There are those which surely love Beehive and the Barracudas, and if you’re one of them, please write me as I’ve yet to hear from one. Despite a pedagre to rival Hot Snakes (and one member in common), this project band won over few fans in Kansas City. The post-rock (sometimes post-music) leanings of the fivesome were at times curiously painful, other times, just painful. There were no crashing sounds or harsh grating guitars, and short of frequent tuneless single-note annoyances (which I alone felt were somewhat edgy and under-appreciated) there wasn’t much to complain about. The dual vocals (provided by guitarists 'Dirty' and 'D ner') worked well and even the two guitars seemed to serve their purposes amiably (even if the purpose was, on occasion only to provide buzzing or whirring background). So why did everyone I meet have such a violent reaction? I’m not sure, but I think I’d like to take a stab at it: Indie rock has become homogenized and we’re all quite defensive about whom we give credit to. When someone takes the formula and tweaks it a little (or simply isn’t able to live up to the prescription) it sets off alarms. Are The Cudas (as they preferred to be called) just 2nd rate hacks that can’t get it right, fools and fuck-ups playing with something they ought not, or a band that believes off-kilter indie rock was still spinning too smoothly. After all, this is a band that seemed to be firing on 2.742222 of its cylinders and that has to be interesting. Doesn’t it?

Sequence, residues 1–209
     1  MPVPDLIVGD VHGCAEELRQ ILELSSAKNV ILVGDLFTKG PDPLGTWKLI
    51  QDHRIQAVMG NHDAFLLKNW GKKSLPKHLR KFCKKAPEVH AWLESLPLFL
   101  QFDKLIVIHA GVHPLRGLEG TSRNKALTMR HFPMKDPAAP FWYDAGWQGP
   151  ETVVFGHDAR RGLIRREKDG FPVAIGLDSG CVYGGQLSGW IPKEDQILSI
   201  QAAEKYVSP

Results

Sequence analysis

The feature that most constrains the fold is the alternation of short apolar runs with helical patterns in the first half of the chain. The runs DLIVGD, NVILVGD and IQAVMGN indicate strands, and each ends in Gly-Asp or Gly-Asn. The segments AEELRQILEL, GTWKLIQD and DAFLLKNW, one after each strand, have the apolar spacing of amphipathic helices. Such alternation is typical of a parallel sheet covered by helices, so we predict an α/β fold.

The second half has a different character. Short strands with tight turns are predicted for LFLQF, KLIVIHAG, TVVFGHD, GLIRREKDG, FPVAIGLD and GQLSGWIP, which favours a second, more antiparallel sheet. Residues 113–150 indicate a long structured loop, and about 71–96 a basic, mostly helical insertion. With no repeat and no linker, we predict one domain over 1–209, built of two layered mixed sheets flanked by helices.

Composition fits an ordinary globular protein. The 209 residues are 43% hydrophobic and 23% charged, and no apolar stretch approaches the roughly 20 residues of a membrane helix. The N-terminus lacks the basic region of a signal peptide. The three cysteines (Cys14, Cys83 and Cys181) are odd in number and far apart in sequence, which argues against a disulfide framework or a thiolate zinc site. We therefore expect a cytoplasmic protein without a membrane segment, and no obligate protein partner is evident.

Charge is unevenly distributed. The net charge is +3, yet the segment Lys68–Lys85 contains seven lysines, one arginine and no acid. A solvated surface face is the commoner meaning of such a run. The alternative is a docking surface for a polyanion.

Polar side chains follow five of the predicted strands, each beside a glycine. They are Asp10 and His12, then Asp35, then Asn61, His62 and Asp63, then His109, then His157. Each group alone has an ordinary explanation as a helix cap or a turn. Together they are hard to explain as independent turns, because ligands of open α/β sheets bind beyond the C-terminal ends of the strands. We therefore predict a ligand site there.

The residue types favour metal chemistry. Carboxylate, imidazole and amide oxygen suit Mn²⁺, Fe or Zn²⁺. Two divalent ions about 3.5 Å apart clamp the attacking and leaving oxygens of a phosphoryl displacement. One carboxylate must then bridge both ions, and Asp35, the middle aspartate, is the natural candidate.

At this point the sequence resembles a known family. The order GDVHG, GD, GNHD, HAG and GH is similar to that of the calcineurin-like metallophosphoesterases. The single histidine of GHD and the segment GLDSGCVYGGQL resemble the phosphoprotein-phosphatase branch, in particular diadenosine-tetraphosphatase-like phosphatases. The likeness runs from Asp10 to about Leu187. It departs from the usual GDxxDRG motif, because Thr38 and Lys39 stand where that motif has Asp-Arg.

When BatB finished their too long (by all accounts) set, the waiting game began. Another game of pool (this time a threesome) lost and then back towards the stage to stand on tired feet. While Converse All-Stars may be the required dress code in many circles, I think everyone can agree they fail miserably at all the things a shoe should strive to be and do. With the exception of thwarting the basic "no shirts, no shoes, no service", they are abysmal. Possibly more painful than the arches All-Stars create is the forced glaciered slide from your current position in front of the speakers, towards the desired position in front of the vocalist. How to do this without pissing off the grrl who has been standing there for ten minutes longer than you, or at the very least, without making her think you’re some creepy guy just trying score a glancing touch? Patience, and keen observation. Luckily there was still some floor space for rent, and my victim was kind, which means I had a decent vantage point before the headliner even took the stage.